Whenever someone starts a conversation with “..did you see that, last night…blah blah” I immediately know they are talking about something TV. Without malice or uppity-ness and as pleasantly as I can(I know the addict)I usually say “oh, I don’t watch TV”. They almost always say exactly the same thing…”Oh, I don’t watch it really either, I just saw this one thing…” , or something to that effect. It’s like watching a kid caught with their hands in the cookie-jar. Really. Try it. I guarantee this response. Why? If they know it isn’t the right thing to do…wasting their time like that. Then why do it? And if they do, why lie about it? Do they feel they are gaining something to which I couldn’t possibly be privy? No. I don’t think so. Their TV is like a retarded child which they would love to tell you anecdotes about, but once they learn you have no such backward children, they are embarrased. But invariably I hear these same people find someone else that DID see that “whatever” on TV last night, and you see them connect in a way that I cannot. I am out of the loop.
I meander over toward them unobtrusively and watch their conversation and a kind of glazed look comes over their faces, as if they are re-living a moment of pixel-flickers that had given them both a moment of …I dunno…pleasure?
It is spooky in it’s other-worldness. I think I’m gonna stay here. Out of the loop.
If you haven’t seen avatar…save your money, and if your bored some night…like I mean REALLY bored, and it’s finally made it to HBO or somewhere cheap…nah…not even then. You have seen it before…a million times.
I should have known that the director of Alien 2(jarheads in space) and Titanic, isn’t mentally capable of putting something on film that isn’t centered around that tired old “good vs evil and…the cavalry will come and save the day and the very last moment” shit. I mean haven’t we gotten beyond all that crap? Please? Anyone?
“Pay the rent” Pay the rent”…” but I can’t pay the rent” “I’ll pay the rent!”…oh brother.
This movie would have been perfect with just one cut. The last two hours. The animation idea was fabulous…real jaw-dropper for about the first 15 minutes of TOTAL screen saturation. Then my popcorn became more entertaining.
The whole idea of the symbiotic relationship between the plants, the planet and the people was a GREAT idea. Sigourney Weaver even set you up for something OTHER than just another movie with, like 7 hours(well, it seemed that long) of CG battle. But it was not to be. It could have been interesting…like maybe the symbiosis did not allow the entities within it to be harmed and we could have concentrated on something a bit more thought provoking than violence? Nothing cerebral about this one folks. Munch your popcorn and cheer the good guys…YEAH! I do like Cameron’s placement of the jew-like character in charge of the bad guys…but…I kept thinking about the money and effort wasted…as I often do with blockbusters like this. Do people really like this mundane junk? Aren’t they tired of movies that they can predict, down to almost the next line? Are there NO screenwriters left in this world?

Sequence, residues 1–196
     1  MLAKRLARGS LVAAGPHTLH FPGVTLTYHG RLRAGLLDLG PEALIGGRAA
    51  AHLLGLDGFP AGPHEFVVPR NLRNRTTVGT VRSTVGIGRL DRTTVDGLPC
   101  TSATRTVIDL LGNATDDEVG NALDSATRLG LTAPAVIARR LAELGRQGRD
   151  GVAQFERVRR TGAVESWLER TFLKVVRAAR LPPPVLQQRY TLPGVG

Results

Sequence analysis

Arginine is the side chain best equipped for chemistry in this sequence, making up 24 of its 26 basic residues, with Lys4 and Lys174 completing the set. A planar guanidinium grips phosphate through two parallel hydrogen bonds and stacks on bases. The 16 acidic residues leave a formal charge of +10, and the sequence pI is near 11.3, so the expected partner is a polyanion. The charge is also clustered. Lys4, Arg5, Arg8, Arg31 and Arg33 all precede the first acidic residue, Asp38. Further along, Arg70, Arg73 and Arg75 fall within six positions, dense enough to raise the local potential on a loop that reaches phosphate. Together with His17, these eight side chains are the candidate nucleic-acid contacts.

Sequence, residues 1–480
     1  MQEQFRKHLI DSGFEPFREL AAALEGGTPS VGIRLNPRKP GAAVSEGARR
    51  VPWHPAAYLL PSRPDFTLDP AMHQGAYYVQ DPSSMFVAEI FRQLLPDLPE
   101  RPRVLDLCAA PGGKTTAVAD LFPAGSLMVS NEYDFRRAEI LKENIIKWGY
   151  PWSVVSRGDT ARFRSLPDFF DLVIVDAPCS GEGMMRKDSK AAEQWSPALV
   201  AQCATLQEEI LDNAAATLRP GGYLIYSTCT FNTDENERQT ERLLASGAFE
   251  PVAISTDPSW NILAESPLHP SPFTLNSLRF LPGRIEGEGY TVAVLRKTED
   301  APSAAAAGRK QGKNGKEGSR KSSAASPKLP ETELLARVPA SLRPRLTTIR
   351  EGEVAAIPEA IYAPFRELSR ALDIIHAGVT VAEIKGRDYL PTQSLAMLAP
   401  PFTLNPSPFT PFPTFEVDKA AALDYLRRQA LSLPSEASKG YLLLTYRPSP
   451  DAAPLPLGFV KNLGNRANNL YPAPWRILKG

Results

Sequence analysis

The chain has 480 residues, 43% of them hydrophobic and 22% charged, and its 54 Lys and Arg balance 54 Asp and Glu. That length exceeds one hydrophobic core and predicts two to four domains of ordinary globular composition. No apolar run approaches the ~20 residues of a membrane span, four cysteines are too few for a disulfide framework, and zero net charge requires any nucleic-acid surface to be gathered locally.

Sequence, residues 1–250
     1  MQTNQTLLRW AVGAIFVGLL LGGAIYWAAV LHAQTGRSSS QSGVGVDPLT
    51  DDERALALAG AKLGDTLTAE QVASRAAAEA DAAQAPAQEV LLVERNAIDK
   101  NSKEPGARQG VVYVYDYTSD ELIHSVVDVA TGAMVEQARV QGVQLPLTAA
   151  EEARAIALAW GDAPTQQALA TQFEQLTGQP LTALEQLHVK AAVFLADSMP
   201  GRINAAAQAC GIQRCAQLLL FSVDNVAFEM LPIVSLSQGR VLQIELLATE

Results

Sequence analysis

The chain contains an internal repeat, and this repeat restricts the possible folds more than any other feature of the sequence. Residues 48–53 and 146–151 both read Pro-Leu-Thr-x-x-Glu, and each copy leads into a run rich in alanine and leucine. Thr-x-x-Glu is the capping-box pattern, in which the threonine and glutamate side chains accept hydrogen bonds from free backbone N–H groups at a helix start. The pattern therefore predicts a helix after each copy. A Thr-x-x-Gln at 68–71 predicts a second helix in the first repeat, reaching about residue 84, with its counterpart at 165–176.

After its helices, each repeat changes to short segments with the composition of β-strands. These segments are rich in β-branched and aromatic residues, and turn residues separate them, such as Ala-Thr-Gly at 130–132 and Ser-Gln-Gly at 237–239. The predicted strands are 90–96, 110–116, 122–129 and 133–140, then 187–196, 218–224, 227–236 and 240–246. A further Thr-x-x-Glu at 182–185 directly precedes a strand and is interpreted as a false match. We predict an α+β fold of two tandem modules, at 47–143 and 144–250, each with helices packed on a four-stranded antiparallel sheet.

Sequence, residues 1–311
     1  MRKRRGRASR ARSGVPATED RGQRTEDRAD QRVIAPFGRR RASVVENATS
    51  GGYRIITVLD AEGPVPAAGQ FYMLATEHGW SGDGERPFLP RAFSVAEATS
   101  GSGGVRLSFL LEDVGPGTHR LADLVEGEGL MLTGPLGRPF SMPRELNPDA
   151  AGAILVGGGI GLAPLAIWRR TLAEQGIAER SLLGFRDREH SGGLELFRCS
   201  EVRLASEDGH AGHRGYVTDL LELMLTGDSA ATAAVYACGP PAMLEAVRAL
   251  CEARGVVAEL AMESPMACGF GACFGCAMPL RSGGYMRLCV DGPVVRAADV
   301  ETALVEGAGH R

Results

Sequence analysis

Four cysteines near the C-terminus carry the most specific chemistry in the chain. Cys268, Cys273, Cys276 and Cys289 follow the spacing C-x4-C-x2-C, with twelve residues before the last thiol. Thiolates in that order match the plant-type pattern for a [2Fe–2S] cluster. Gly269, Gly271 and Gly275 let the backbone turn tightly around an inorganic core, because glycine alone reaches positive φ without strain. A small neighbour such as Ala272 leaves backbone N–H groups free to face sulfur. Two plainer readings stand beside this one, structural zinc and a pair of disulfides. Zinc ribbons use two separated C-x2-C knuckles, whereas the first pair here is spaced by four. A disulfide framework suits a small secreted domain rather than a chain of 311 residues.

Oh…nevermind. I just read the top two highest grossing movies of all time. Titanic…and this turd.
Maybe if I had seen it 3-D…yeah that’s it…it was probably a completely different story line. One that was as interesting as it promised…one that wasn’t as predictable as the price of the popcorn and drinks. …..$12.25
The little boy was walking down a path and he came across a rattlesnake. The rattlesnake was getting old. He asked, “Please little boy, can you take me to the top of the mountain? I hope to see the sunset one last time before I die.” The little boy answered “No Mr. Rattlesnake. If I pick you up, you’ll bite me and I’ll die.” The rattlesnake said, “No, I promise. I won’t bite you. Just please take me up to the mountain.” The little boy thought about it and finally picked up that rattlesnake and took it close to his chest and carried it up to the top of the mountain.
They sat there and watched the sunset together. It was so beautiful. Then after sunset the rattlesnake turned to the little boy and asked, “Can I go home now? I am tired, and I am old.” The little boy picked up the rattlesnake and again took it to his chest and held it tightly and safely. He came all the way down the mountain holding the snake carefully and took it to his home to give him some food and a place to sleep. The next day the rattlesnake turned to the boy and asked, “Please little boy, will you take me back to my home now? It is time for me to leave this world, and I would like to be at my home now.” The little boy felt he had been safe all this time and the snake had kept his word, so he would take it home as asked.
He carefully picked up the snake, took it close to his chest, and carried him back to the woods, to his home to die. Just before he laid the rattlesnake down, the rattlesnake turned and bit him in the chest. The little boy cried out and threw the snake upon the ground. “Mr. Snake, why did you do that? Now I will surely die!” The rattlesnake looked up at him and grinned, “You knew what I was when you picked me up.”